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SIR Foundation research forum 

10-17-2017 17:02

Interview with Ziv J Haskal, MD, FSIRnRSQvaUhRsidBzdkyI3v_Twitter_Bird2.png

Fall 2017

Ziv HaskalThe Journal of Vascular and Interventional Radiology (JVIR) is pleased to announce the launch of the JVIR Trials submission form (bit.ly/2gc0Pom). Once data is collected, JVIR Trials will function as a voluntary registry of active prospective clinical trials in interventional radiology. This unique repository will provide an invaluable opportunity for researchers to increase visibility, awareness and access to interventional science.

IRQ spoke with JVIR Editor-in-chief Ziv J Haskal, MD, FSIR, about his vision for this exciting new platform.

Why do you feel an online collection of IR trials is so important?

Our specialty now consistently undertakes and reports prospective higher level of evidence research. And yet, the majority of this research is unregistered or effectively undiscoverable on national websites. Try, for example, to easily find all the interventional oncology trials on clinicaltrials.gov. Prepare for frustration.

What is your primary goal with JVIR Trials?

As editor-in-chief, one of my ongoing goals has always been to improve the quality of our published research, both in form and substance. This means encouraging neutral and detailed scientific reporting that allows our research to stand with all other top journals, now and in the future, and promoting prospective hypothesis-driven clinical research.

How will JVIR Trials help meet that need?

The breadth of IR research is vast but, at present, there is no central repository where both readers and researchers can see the specific IR-related trials underway, be they registered trials or single-site, IRB-approved, smaller-scale investigations. National and international registered trial websites are essential, but they are neither comprehensive, nor are they sufficiently user friendly for finding IR research.

JVIR Trials submission formSo JVIR Trials will be limited to research related to IR. Will there be other restrictions?

The website will house brief descriptions of all current prospective IR studies, whether they are industry sponsored, individual operator, multicentric or nationally sponsored. No prospective study is too small to be listed.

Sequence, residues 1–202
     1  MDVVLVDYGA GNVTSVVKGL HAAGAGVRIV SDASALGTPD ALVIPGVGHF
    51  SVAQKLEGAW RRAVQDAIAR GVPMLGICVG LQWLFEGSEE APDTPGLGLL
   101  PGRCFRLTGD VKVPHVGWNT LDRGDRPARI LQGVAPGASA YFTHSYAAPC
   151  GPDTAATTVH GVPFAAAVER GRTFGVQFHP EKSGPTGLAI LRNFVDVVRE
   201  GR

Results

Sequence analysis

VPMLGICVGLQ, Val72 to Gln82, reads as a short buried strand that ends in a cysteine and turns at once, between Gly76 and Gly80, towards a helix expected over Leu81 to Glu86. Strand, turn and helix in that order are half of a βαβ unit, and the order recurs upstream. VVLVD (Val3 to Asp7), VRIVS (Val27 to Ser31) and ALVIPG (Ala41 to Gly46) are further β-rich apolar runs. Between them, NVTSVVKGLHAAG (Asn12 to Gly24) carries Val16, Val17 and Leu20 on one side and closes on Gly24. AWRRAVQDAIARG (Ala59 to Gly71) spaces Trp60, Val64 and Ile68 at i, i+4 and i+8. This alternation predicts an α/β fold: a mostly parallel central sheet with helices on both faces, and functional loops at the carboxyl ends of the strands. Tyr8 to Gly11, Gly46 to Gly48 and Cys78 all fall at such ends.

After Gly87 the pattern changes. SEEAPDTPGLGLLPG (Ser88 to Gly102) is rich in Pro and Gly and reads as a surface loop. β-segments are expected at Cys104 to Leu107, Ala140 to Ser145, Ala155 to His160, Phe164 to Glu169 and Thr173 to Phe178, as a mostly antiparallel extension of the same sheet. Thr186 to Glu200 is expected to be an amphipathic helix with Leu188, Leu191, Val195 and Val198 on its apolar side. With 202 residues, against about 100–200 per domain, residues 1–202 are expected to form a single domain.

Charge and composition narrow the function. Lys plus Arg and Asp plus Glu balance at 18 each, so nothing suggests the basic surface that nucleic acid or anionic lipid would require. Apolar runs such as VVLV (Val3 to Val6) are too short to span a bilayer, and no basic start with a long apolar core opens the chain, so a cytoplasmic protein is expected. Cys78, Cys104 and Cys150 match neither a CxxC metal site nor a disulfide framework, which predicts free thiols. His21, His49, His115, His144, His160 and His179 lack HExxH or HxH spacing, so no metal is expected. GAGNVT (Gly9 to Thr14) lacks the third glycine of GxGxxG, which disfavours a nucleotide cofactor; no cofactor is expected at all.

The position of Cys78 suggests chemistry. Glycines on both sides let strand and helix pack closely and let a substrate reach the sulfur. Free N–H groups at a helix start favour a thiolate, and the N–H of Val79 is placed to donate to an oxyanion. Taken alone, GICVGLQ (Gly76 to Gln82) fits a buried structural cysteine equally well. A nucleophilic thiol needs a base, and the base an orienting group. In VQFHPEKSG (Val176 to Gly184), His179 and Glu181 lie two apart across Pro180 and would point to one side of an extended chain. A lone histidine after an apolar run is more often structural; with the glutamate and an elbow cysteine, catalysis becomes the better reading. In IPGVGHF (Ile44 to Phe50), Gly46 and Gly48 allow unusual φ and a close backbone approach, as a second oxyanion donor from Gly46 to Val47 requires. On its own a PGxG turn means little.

How else will it benefit the research community?

JVIR Trials will provide interventional radiologists, patients and other specialty clinicians a visible and public warehouse for all prospective IR-related research. The site will house trials registered on other sites, commercially sponsored studies, and investigator-sponsored research. Importantly, it will also accept any prospective IRB/ethics board-approved trial, including small phase 1 studies. I want to feature all IR prospective research—to move us from retrospective reports to methodical protocol driven efforts—even at the earliest phase I stages. No other resource does this.

JVIR Trials will also provide a networking opportunity for investigators to potentially band their listed small early studies into large multicenter phase I/II studies. It will allow patients to find the innovative clinical trials they may be seeking for themselves or their families. It will make publicly and abundantly clear what important and interesting research is undertaken within our specialty.

How might JVIR Trials benefit SIR’s corporate partners?

High-quality multicenter validation of therapies and technologies are expensive. Good questions will always involve partnerships with corporations. JVIR Trials welcomes these studies and hopes to highlight IR investigators and potentially boost enrollments. This is a win–win.

Flash forward five years. How will you know if the resource has succeeded? How will you know if it hasn’t met your expectations?

In my vision, ideally JVIR Trials will have become a lead resource for researchers and patients, a tool routinely used by practitioners seeking updates on ongoing research, IR and endovascular scientists considering their own new trials, and corporations looking to boost their studies toward completion. Prospective protocol driven research may require 3–7 times more effort than retrospective record review. But it is the ethical approach and the measure of meaningful and durable impact and contribution. We need to embrace this expectation and culture by helping celebrate and model this for current and future IR clinician-scientists.

Is there anything else you’d like to tell IRQ readers?

I hope the transparency brought by this listing will serve researchers, encourage more prospective projects and rightfully instill pride in all of us for the diversity of important work conducted in our field.

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